• Th Battle of Brazil: A Video History (1.33:1; upscaled 1080i; 00:55:09) – This documentary, produced by the Criterion Collection in 1996 and based on author Jack Matthews’ book The Battle of “Brazil,” reunites the players involved in the struggle over the film’s U.S. Release. This take on one of the noisiest, most unusual, and most instructive behind-the-scenes controversies in Hollywood history features Matthews, director Terry Gilliam, producer Arnon Milchan, and studio executives Frank price, Marvin Antonowsky, Bob Rehme, and Sidney Sheinberg.
  • Brazil: The “Love Conquers All” Version w/ optional commentary (1.33:1; upscaled 1080i) – This 94-minute version of Brazil was cut by the studio in an attempt to make the film more commercial. Shown only on syndicated television, it includes all the changes that director Terry Gilliam refused to make, from its alternate opening to its controversial happy ending.
  • Trailer (1.78:1; upscaled 1080i)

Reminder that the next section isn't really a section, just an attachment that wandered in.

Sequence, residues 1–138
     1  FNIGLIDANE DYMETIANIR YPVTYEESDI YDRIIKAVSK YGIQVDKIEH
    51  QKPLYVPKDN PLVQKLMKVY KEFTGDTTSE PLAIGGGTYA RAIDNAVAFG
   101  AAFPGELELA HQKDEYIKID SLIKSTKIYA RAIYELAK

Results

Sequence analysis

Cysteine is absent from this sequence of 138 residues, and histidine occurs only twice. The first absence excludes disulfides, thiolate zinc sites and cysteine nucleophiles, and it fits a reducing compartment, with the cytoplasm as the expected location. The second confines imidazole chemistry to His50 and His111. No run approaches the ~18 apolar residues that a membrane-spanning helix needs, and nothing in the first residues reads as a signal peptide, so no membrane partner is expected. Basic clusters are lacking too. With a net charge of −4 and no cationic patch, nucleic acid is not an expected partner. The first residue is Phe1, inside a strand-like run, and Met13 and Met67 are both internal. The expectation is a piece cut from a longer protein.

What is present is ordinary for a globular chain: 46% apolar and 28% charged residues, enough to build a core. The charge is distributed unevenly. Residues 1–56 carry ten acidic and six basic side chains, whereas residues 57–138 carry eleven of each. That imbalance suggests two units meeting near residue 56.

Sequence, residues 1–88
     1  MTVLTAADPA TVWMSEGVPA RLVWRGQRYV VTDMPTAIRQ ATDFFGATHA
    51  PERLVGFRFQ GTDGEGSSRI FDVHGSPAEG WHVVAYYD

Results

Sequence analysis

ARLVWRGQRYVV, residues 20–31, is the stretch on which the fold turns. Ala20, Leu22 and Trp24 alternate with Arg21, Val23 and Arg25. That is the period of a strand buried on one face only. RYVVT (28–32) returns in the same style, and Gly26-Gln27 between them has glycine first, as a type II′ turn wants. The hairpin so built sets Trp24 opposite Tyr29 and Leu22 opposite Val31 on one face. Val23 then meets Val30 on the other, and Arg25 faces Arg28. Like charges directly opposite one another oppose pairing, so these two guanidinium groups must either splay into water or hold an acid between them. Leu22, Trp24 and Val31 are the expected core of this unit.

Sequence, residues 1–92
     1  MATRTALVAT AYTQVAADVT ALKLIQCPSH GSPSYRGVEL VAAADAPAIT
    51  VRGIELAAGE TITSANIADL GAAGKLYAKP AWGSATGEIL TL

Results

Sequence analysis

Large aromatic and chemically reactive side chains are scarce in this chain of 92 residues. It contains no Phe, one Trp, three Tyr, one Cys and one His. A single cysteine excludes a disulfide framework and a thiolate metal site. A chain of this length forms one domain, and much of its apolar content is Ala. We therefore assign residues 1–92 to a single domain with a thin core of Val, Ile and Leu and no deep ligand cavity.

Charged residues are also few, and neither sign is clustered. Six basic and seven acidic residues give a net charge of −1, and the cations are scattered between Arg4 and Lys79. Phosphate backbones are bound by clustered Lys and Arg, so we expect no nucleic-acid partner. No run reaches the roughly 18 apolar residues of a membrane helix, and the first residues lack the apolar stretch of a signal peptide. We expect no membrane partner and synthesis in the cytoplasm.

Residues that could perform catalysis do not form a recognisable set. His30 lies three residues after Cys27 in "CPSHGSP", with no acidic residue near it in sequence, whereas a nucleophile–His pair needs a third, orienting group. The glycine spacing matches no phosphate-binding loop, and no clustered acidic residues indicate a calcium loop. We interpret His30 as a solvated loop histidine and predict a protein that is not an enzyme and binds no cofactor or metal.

• Booklet: Features an essay by film critic David Sterrit

The Definitive Word

Overall:

[Rating:4/5]

The non-linear approach taken in Brazil worked far better than it would in Gilliam’s next outing, The Adventures of Baron Munchausen, where the thread just seemed confused rather than meaningful. Brazil, however, stands out as one of the visionary dark comedies and also one of the great works of sci-fi to come out of the 1980s that doesn’t have “Star” in its name. Criterion has, per usual, done this film a great service in this 2-disc edition.

Additional Screen Captures

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Purchase Brazil [Criterion Collection] on Blu-ray at CD Universe

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Purchase Brazil [Criterion Collection] on Blu-ray at CD Universe

Shop for more Blu-ray titles at Amazon.com

Overall
[Rating:4/5]
The Film
[Rating:4.5/5]
Video Quality
[Rating:3.5/5]
Audio Quality
[Rating:4/5]
Supplemental Materials
[Rating:4/5]